How to Survive a Road Trip


Planning for a road trip can be overwhelming. It’s hard to anticipate what you’ll need along the way — and what will slow you down.

When you don’t have to pay fifty bucks to check your luggage, it’s tempting to just throw it all in the car. But, after a few trips, I learned that going this route leaves you with a car full of stuff, none of which is at arm’s length when you need it.

Even though I’m National Geographic’s Curious Traveler, I wouldn’t call myself a road trip expert (yet). But if I had to boil down what’s in my car to the top 10 essentials, here’s what would make the cut:

  1. Beach-ready outfit. Even if I’m miles from the nearest coast, I want to make sure I can take advantage of any body of water that crosses my path. A river, natural hot springs, Jacuzzi, pool, waterfall, you name it — they all require the same three things: a bikini, sarong, and flip flops. The sarong is the most versatile; it dries quickly and can go from beach towel, to dish towel, to skirt, to headscarf all in the same day. A definite must.
  2. Camera. Road trips are visual smorgasbords, and I want to capture it all. The Olympus mini PEN is tailor-made for trips: It’s small, but has interchangeable lenses that give your photos that professional edge.
  3. Little blue notebook. This little guy stays glued to my hand. I constantly use it jot down the juicy insider tips I learn from friendly folks along the way — a curious traveler’s bread and butter!
  4. iPhone. I like getting away from it all on the road, but I like to stay in touch, too — especially if it’s going to be a long haul. With Twitter, Instagram, and Pinterest apps, my friends and family can see where I am in real time and vice versa. It’s also handy for planning and tracking my route, or even finding the closest gas station when I’m pushing empty. Heck, what doesn’t an iPhone do these days?
  5. Tent. My Big Agnes tent always comes with me. It’s my turtle shell: in five minutes I have a warm, dry makeshift home anywhere I want. It’s perfect for nights when I want to enjoy the natural world, or when I roll up somewhere and there’s no vacancy. My turtle shell will never turn me away!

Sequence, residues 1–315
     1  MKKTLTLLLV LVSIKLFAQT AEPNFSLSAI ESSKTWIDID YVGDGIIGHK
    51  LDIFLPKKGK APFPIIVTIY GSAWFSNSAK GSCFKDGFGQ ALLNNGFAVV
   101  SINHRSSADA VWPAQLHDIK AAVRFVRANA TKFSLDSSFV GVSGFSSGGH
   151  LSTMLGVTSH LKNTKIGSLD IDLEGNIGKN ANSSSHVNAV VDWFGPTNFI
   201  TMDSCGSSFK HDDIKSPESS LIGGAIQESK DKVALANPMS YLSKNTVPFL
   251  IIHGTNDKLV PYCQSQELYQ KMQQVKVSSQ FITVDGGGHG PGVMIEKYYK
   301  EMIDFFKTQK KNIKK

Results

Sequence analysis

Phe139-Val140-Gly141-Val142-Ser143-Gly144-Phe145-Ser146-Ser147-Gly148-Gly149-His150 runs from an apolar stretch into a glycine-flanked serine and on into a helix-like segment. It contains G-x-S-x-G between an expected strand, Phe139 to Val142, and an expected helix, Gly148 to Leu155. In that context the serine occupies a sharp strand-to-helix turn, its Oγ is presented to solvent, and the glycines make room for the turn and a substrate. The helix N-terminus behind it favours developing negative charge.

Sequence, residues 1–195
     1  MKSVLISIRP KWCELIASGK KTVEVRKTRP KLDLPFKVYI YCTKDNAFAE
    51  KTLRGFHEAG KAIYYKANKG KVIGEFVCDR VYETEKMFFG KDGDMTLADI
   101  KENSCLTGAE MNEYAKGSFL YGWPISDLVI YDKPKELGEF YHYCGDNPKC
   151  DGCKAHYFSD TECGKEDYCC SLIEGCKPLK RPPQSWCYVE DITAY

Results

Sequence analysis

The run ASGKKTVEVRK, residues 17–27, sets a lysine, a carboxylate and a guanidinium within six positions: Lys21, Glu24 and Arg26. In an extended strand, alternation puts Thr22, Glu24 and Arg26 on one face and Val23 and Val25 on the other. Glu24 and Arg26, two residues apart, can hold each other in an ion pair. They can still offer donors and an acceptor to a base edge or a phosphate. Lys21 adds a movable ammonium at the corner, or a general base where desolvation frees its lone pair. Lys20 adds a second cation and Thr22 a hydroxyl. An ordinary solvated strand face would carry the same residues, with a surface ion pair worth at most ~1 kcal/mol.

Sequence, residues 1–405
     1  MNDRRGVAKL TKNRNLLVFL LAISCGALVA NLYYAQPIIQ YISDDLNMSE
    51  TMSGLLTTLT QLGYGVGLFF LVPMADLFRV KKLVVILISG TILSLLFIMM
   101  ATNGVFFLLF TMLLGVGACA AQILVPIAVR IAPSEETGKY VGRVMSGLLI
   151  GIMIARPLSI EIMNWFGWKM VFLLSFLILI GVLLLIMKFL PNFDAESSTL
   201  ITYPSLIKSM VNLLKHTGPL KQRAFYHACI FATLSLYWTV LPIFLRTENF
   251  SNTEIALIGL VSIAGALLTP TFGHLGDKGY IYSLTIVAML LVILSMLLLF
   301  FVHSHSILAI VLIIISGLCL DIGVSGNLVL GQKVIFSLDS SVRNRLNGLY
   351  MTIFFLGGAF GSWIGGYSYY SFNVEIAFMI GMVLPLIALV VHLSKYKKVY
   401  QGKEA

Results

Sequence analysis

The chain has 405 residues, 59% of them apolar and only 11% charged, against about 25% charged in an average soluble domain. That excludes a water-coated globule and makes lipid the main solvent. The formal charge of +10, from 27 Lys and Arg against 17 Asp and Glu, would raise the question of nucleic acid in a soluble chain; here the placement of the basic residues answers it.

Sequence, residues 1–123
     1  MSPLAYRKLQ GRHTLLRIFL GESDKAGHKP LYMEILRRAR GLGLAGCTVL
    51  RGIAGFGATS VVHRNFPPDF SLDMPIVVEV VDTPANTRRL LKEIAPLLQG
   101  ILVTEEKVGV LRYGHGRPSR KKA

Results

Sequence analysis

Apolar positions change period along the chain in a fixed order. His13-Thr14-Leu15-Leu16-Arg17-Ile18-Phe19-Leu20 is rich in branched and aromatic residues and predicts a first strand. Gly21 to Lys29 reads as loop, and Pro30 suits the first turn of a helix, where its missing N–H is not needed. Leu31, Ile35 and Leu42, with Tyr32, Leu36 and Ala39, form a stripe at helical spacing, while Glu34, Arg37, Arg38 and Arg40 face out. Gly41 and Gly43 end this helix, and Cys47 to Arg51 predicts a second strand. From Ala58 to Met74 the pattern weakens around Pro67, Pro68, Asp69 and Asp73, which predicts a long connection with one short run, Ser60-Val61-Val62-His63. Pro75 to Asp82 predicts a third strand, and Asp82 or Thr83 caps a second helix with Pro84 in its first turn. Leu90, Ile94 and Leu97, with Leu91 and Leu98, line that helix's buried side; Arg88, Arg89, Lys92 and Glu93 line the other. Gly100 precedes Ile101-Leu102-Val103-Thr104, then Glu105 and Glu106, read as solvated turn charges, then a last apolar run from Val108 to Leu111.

6. Head lamp. When you’re on a road trip, light is your best friend. Get a flat tire at night? Want to read in the tent? Want to deter would-be assailants by shining light in their eyes? Get a head lamp.
  7. Pepper spray. As a woman traveling alone, pepper spray is a necessary evil. I keep it with me as an extra precaution — though I’ve never had to use it, and hope I never will!
  8. Power snacks. Sometimes, I don’t want to stop for a full-blown meal when there are miles to cover, so I bring snacks. While it’s tempting to grab a Snickers bar, I know it will bring me crashing down quicker than I can say “Hungry? Why wait.” Instead I stock up on goodies like Rise bars and raw almonds.
  9. Mini library. I always bring a few books: a couple of old standbys for when I’m longing for something familiar and a few new ones that unfold alongside my own journey (Wildebeest in a Rainstorm is a recent favorite).
  10. Turkish nazar. I’m not superstitious, but it can’t hurt to have a talisman along for the ride. Even if it doesn’t actually ward off the “evil eye,” it makes for a nice companion after hours and hours in the car alone. It’s like having my very own Wilson (but his name is Mert).

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How to Pack for Weekend Trips

If I’m traveling, I’m usually working, so I have to bring my laptop. Once you know what you’ll actually need, you can start thinking about things you want to bring. Bottom line: Pack what makes you feel your best and what won’t hold you back from adventure.